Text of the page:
The first big question in the film is how Leonard remembers that he has Anterograde Amnesia each time his memory lapses. A vigilant viewer would remember that he has tattooed that piece of information on his body and they would be right. However, with all the memory lapses we see in the film you begin to notice that he doesn’t always have the chance to see that particular tattoo. Nolan then sets another little trap for the viewers through a second of Leonard’s tattoos and the story behind it. On his wrist (and seen in almost every stretch of memory) are the words, “remember Sammy Jankis.” Sammy Jankis is someone from Leonard’s former life who had the same condition. Huzzah! That connection allows for Leonard to easily remember his condition. This could almost work through the entire film except for one scene later on when Leonard is recounting Sammy’s story. Sammy is sitting in a chair in the hospital as people walk by him. Then, right before the cut, the image of Sammy is changed to an image of Leonard for a split second, changing everything. Was Sammy Jankis real? Is anything that Leonard has said through the entire film reliable? Who really killed Leonard’s wife?

Nolan reinforces his message of the fragility of memory by making everything we’ve seen potentially unreliable. Based purely on the story of the film, there is little good reason for it to exist. But the story isn’t important. The style communicates the message of the film and in doing so introduced the genius mind of Christopher Nolan to the world.

Thank You Roger

Almost 5 years ago now Roger Ebert and his second longtime co-host, Richard Roeper, left the long syndicated At the Movies and the show never really recovered. Since about 2007 I had been following the show online and between weeks I would search for old reviews of movies I was interested in seeing. I loved listening to Ebert and Roeper (and before him, Gene Siskel) pick films apart and explain what entertained or aggravated or touched them about the myriad of films. While before this I loved film, from 2007 when I found the online streaming for the show and 2011 when Disney took the site down, I was taking my first class on film thanks to Roger Ebert. Earlier today the news was announced that after over a decade of fighting various cancers, that Roger Ebert had passed away at the age of 70.

I wrote movie reviews for my school paper in high school and I still remember my proudest moment of that time, my teacher advisor told me I sounded like Roger Ebert in one of my reviews. While I don’t see that in myself often, I know when I read Ebert’s reviews that he is what I strive to be as a critic. Fair but passionate, sarcastic and funny, but most importantly he was opinionated. If he truly hated a movie he would say so. In his review for North the quote is, “I hated this movie. Hated hated hated hated hated this movie. Hated it. Hated every simpering stupid vacant audience-insulting moment of it. Hated the sensibility that thought anyone would like it. Hated the implied insult to the audience by its belief that anyone would be entertained by it.” Aside from being one of my favourite passages in the history of film criticism, it shows that even when his anger towards a film was overwhelming, he could make his readers understand that his anger could never be childish. He wrote thoughtfully and always with his readers in mind. He wanted to tell the world about the power of movies.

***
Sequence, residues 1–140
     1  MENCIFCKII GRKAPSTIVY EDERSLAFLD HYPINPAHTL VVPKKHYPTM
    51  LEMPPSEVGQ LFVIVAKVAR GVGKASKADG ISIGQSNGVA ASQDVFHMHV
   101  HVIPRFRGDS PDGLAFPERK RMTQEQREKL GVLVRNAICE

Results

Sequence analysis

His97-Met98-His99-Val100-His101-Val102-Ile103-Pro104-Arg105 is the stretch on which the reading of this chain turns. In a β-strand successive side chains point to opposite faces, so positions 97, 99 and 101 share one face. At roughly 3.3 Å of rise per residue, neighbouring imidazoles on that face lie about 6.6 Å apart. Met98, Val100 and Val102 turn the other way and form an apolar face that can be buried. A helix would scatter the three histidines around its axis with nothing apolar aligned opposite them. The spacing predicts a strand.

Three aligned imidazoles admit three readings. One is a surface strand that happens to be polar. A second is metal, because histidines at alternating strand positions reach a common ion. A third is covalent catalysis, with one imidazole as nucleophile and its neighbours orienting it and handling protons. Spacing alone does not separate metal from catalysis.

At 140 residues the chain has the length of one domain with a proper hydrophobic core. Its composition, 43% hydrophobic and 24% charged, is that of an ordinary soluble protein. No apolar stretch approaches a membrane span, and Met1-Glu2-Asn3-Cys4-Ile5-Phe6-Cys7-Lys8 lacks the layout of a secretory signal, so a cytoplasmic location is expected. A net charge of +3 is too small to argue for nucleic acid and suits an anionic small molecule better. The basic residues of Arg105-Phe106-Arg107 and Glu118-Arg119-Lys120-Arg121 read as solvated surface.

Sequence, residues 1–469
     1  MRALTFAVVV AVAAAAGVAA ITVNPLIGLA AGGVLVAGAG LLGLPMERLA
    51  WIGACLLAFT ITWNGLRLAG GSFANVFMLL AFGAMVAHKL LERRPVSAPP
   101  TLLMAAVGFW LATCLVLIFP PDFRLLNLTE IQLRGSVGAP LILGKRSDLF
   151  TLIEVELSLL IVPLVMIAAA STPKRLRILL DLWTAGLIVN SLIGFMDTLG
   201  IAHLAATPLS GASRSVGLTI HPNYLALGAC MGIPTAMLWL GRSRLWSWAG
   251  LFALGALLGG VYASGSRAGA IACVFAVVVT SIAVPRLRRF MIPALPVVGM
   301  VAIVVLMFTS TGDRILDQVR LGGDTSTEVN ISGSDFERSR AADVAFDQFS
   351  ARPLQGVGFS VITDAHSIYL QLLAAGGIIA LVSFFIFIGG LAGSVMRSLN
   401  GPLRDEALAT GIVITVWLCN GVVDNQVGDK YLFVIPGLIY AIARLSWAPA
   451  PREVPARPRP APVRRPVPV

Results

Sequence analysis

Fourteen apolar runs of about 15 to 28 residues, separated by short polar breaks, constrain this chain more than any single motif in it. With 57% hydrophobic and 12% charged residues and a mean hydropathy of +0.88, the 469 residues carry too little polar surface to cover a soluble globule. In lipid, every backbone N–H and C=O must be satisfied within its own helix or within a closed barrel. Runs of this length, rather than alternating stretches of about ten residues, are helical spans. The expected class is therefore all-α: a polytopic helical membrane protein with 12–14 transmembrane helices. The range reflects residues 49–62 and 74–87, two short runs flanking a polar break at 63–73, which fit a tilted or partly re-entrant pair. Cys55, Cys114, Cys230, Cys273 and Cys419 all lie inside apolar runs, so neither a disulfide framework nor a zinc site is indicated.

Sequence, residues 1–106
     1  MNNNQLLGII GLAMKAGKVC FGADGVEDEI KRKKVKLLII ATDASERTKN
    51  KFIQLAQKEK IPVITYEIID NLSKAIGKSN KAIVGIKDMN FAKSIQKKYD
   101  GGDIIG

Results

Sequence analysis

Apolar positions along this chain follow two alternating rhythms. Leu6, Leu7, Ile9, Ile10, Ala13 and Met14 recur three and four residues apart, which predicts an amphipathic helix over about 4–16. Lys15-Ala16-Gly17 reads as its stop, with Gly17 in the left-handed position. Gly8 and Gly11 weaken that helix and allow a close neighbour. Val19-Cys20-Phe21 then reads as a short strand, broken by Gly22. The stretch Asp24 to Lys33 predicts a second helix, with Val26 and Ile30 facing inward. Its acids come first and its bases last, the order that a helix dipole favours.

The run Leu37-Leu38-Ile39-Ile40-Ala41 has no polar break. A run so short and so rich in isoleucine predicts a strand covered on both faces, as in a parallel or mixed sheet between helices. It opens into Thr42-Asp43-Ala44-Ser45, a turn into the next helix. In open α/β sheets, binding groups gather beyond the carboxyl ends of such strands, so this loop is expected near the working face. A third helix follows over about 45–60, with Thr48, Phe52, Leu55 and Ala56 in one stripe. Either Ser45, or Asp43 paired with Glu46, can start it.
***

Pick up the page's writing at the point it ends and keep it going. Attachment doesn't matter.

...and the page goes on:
The most inspiring thing about Roger Ebert though is his passion for the written word. Through the past number of years he was doing his film reviews for the Chicago Sun Times but he also let the world in on his life and thoughts through frequent blog posts. Sometimes talking about film, the most interesting of these posts were those that went into politics or his personal life. He has written about his history of alcoholism and the power of AA meetings, his thoughts about the state of politics during the 2012 election, his feelings about Roman Catholicism, his memories of his co-host and friend Gene Siskel,  and the love that he shared with his wife Chaz.

Ebert was one of the brightest minds and authors that America has ever produced. He had a passion for film that was and will remain unmatched. He was a true inspiration for a whole generation of moviegoers.

Rodney Welch said it best, “Here’s something you don’t hear said about many movie critics: people love Roger Ebert. There’s a good reason for this: Ebert doesn’t stand between moviegoers and the audience. Rather, his regular readers are serious movie-lovers who see him as their rep, the guy out there fighting to make movies less stupid, more entertaining, more intelligent, more everything. You don’t have to agree with him…to know that he’s on your side.”

Rest in peace Roger. You will be missed.